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Fall 2009

Bulletin Fall 2009

Top Story

Supreme Court Vacates and Remands Detainee Photo Case after Congressional Action
On November 30, the Supreme Court of the United States vacated a 2nd Circuit U.S. Court of Appeals judgment ordering the release of 44 government­held photographs depicting detainee mistreatment at the hands of U.S. troops, remanding the case back to the appeals court for reconsideration under new legislation intended to prohibit publication of the photos. Continue reading

FOIA and Access

3rd Circuit Rules Personal Privacy Interest Applies to Corporations
The 3rd Circuit U.S. Court of Appeals ruled in an opinion published Sept. 22, 2009, that corporations have a “personal privacy” interest that may allow their records to be withheld from release under a Freedom of Information Act (FOIA) request for government documents. Continue reading

White House Agrees to Release Visitor Logs on Its Own Terms
President Barack Obama announced on Sept. 5, 2009, that his administration would begin voluntarily releasing the names of White House visitors in order to settle a Freedom of Information Act (FOIA) lawsuit from the government watchdog group Citizens for Responsibility and Ethics in Washington (CREW). Continue reading

Pentagon Newspaper Says Military Used Profiles of Reporters in Selecting Embeds
The Pentagon authorized a private public relations firm to compile background profiles on journalists seeking to cover the war in Afghanistan that rated the reporters’ past work as “positive,” “negative,” or “neutral,” according to Stars and Stripes, a daily military newspaper authorized and funded by the Department of Defense. Continue reading

5th Circuit Upholds Texas Open Meetings Law; More Challenges Underway
The 5th Circuit U.S. Court of Appeals dismissed a lawsuit on September 10 brought by two city council members from Alpine, Texas, who challenged the constitutionality of the Texas Open Meetings Act. Continue reading

2nd Circuit Denies New York Times Access to Emperor’s Club Wiretap Information
The New York Times does not have a First Amendment right of access to sealed wiretap applications filed in the investigation of the prostitution ring that led to former New York Gov. Eliot Spitzer’s resignation, the 2nd Circuit U.S. Court of Appeals ruled on Aug. 6, 2009. Continue reading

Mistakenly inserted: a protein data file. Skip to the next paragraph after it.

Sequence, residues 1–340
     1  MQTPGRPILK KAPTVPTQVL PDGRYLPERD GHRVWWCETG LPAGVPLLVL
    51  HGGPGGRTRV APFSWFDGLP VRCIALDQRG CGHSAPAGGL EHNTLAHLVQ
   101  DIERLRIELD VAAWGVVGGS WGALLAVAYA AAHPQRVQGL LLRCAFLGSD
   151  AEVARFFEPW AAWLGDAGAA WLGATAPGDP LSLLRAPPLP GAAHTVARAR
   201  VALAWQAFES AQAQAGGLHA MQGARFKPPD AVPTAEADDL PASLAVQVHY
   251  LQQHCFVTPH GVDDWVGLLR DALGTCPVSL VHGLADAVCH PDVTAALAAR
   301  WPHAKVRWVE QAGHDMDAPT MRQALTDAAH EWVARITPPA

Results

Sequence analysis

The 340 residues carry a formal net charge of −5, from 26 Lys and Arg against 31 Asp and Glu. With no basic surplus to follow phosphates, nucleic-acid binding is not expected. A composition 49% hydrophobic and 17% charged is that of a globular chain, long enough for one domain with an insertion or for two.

Florida Judge Grants $750,000 Award for Attorneys’ Fees in Open Government Suit
A Florida judge awarded $750,000 in legal fees on Sept. 25, 2009, to the attorneys of an open government advocacy group that sued several city officials in Venice, Fla., for violating the state’s open government laws. Continue reading

State, Federal Courts Resist Access to Judicial Records, Proceedings
Courts across the country curtailed public access to judicial records and court proceedings in the fall of 2009, as state and federal judges used a variety of statutory, constitutional, and administrative methods to limit openness. Continue reading

Subpoenas and Shield Laws

Military Appeals Court Rejects Reporter’s Privilege
A military appeals court held that military courts should not recognize a reporter’s privilege for non­confidential sources under either constitutional or common law in a decision published Aug. 31, 2009. Continue reading

A Hawaii state district court judge ruled on September 2 that Hawaii’s journalist shield law exempts independent filmmaker
Keoni Kealoha Alvarez from responding to subpoenas or being deposed in a lawsuit involving a property dispute. Continue reading

Digital Media

Federal Government, States Grapple with Cyber­Bullying Laws
A proposed federal law intended to combat a form of Internet­based harassment known a “cyber­bullying” was criticized by a House subcommittee this fall. Continue reading

Reporting Errors Haunt Major News Outlets
In the fall of 2009, several inaccurate stories in the mainstream news media circulated widely among reputable organizations before they were retracted or corrected. Continue reading

New FTC Guidelines Target Bloggers, Raise First Amendment Concerns
New Federal Trade Commission guidelines became effective on December 1 that require online product reviewers to disclose any compensation or payment received in exchange for publishing the review. Continue reading

Media Ethics

Washington Post Delays, Redacts Information From Afghanistan Report